[Syndicated from my personal blog, here]
The spin of the week catch goes to Brandon K. Thorp, on the James Randi Educational Foundation blog in an article titled Child Sacrifice in Uganda, where he discusses the recent outrage in regard to claims of witch doctors sacrificing children in Uganda.
The post is built of three sections, claiming:
1. That by merely writing on it and repeating it in a few publications, it has now become truth (what I call self-generating ethos).
2. That evidence is seriously lacking, and what facts are known are questioned.
3. That there are consequences to scaring people about witches, namely, witch hunts.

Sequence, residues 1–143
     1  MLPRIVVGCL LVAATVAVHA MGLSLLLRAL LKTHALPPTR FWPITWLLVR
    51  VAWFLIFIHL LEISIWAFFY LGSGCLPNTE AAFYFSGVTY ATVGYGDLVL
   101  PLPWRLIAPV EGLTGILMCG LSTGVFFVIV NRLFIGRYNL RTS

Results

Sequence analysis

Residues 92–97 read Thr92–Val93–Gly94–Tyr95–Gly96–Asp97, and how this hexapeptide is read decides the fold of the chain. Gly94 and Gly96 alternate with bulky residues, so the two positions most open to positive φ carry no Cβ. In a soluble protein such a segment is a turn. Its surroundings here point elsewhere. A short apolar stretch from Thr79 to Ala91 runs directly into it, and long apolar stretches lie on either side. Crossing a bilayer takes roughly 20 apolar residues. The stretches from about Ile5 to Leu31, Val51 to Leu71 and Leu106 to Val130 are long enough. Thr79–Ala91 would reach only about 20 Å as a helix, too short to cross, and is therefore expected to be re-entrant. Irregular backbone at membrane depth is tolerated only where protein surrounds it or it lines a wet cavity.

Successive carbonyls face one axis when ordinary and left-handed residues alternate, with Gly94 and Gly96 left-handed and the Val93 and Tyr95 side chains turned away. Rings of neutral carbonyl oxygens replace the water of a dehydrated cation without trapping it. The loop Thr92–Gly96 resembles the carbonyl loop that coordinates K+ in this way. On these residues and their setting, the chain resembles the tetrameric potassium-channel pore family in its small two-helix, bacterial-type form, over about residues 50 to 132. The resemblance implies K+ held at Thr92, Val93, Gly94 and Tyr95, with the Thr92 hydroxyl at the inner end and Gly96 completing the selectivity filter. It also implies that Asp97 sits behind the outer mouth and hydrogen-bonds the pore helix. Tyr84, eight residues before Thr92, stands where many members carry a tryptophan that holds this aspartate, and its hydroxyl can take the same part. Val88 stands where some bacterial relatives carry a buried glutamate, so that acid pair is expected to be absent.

He ties it all together by discussing the bad journalistic work performed here, from the assumptions made by the reporters who later insinuate them as evidence, to why the evidence actually provided is unlikely to hold any water when scrutinized.
He asks to see what children had actually been murdered, as the claims made about numbers, even if witch doctors do ritually sacrifice children, are ridiculous.
"Extraordinary claims require extraordinary evidence" combined with Occam's Razor seem to do a good job as a team.
A great work of argumentation, writing and skepticism! I definitely recommend reading it.